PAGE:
I went to Popular Mechanics' Breakthrough Awards last night with pretty low motives: a chance to schmooze with some of the editors who pay my rent. Maybe I'd grab a beer or four in the process. Instead, I walked out uplifted by one of the most inspiringly cool stories I had heard in months. It came from the night's final honoree, MIT media lab professor Hugh Herr.As a kid, Herr was a lousy student and good rock climber -- a very good rock climber. Then, in 1982, he "became stranded on Mount Washington, New Hampshire for nearly four days in -20 F temperatures and blizzard conditions," one biography notes. "Severe frostbite damage took its toll on his lower legs, and both of his feet had to be amputated six inches below the knee."Improbably, Herr swore he'd climb again. So he became a bookworm, eventually winding up in field of prosthetics. He developed a knee that "adapts to the users walking style, adjusting resistance to allow for a secure, agile gait," Pop Mech observes. "Next, he plans to distribute sensors beyond the knee to allow the device to move in response to subtle electrical changes in muscles nearby."Herr is already helping out soldiers wounded in Afghanistan and Iraq. And he is making good on his promise, to get back to climbing. In fact, he says, his new artificial legs are better than his old biological ones. Special wedge-like "feet" allow Herr to slide into cracks in the rock face that he could never use before. For ice climbing, Herr can slip attach spiky crampons to the end of his prosthetics. Or he can use Inspector Gadget-esque extending legs for extra reach.In school, Herr told the crowd of a hundred or so at the American Museum of Natural History, he kept raising his height an inch a day, to see how long it would take for people to notice. "It took until I was about eight feet tall," he laughed.Standing on that stage, hopping around on his man-made legs, eight feet seemed like an understatement to me.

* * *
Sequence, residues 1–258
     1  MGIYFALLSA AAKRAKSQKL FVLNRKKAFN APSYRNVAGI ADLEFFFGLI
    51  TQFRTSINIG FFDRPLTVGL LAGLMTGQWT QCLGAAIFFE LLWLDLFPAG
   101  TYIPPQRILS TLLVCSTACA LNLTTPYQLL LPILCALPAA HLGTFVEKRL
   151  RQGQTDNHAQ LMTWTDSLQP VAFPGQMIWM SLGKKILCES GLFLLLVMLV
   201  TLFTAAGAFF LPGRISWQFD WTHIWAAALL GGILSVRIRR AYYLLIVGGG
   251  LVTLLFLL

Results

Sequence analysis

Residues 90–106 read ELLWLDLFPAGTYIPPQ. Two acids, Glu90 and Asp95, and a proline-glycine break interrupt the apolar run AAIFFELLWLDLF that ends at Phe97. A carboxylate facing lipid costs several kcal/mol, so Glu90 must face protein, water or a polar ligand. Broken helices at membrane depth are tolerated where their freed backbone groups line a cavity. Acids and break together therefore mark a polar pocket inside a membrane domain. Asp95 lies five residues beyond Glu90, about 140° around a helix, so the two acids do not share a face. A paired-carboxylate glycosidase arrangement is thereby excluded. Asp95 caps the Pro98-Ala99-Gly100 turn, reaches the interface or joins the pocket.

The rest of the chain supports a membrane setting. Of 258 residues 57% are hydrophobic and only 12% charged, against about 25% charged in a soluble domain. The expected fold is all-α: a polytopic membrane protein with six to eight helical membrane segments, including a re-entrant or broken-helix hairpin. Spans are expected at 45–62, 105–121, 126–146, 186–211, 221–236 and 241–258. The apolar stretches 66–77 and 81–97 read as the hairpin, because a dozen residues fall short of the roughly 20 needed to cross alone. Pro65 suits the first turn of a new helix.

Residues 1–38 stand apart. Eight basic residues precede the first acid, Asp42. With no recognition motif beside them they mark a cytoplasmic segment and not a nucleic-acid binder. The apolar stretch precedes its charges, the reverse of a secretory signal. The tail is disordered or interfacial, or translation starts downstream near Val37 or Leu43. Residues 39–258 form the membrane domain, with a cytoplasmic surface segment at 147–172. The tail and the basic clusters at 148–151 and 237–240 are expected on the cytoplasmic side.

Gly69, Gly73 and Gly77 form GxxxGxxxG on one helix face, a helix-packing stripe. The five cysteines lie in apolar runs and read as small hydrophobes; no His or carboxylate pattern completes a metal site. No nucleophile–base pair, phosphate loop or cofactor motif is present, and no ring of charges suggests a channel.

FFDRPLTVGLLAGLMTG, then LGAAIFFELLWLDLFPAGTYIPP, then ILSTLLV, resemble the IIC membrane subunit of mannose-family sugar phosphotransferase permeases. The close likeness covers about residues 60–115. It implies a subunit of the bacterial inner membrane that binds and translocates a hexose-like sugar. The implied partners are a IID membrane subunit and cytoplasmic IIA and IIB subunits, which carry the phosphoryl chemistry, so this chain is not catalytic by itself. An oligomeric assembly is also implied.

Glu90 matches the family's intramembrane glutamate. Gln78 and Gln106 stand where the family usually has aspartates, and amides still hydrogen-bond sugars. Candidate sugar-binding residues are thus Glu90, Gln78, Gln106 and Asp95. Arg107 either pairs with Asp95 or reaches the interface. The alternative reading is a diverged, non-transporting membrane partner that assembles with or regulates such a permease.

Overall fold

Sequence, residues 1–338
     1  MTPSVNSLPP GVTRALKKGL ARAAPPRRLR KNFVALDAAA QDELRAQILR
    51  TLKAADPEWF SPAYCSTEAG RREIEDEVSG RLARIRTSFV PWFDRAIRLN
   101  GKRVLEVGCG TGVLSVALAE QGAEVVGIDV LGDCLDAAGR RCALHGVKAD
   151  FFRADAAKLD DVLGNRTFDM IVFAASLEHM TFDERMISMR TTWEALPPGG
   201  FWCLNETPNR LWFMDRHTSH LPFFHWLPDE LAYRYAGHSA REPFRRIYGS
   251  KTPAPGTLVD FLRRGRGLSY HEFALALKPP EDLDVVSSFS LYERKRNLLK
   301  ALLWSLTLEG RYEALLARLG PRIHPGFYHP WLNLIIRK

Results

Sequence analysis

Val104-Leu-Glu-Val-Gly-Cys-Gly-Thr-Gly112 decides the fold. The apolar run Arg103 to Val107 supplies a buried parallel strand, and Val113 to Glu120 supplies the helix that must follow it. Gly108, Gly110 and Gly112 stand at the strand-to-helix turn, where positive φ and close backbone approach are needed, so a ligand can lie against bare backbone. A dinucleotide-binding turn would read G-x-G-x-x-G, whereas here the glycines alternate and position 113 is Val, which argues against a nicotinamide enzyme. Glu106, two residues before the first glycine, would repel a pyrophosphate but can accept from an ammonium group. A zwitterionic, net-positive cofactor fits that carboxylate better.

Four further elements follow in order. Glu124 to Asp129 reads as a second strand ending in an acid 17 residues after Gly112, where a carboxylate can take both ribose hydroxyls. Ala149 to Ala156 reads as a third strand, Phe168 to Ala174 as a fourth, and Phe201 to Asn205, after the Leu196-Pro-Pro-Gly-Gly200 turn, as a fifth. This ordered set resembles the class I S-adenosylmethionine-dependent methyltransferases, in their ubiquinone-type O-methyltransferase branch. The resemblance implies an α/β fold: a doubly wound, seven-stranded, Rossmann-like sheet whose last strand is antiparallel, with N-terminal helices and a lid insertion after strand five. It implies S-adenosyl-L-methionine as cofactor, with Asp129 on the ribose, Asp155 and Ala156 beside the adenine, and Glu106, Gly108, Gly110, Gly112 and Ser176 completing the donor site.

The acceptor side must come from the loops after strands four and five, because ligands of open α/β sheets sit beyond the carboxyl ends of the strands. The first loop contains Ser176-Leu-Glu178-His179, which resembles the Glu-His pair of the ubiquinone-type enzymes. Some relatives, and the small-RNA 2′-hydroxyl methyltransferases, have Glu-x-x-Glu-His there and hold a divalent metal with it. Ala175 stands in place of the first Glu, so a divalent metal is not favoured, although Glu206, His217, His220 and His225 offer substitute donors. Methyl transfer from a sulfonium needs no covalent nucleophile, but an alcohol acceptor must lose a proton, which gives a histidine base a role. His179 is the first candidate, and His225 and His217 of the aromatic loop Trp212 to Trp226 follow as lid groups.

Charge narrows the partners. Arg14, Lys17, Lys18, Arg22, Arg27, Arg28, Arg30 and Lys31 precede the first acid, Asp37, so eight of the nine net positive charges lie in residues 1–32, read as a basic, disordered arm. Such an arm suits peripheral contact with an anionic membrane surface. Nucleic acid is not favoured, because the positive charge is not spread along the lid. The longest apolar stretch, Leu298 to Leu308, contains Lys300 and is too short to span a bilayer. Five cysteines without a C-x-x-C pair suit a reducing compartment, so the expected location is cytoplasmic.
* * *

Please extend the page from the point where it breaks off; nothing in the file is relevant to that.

Related TopicsDefenseTech >
© Copyright 2018 Military.com. All rights reserved. This material may not be published, broadcast, rewritten or redistributed.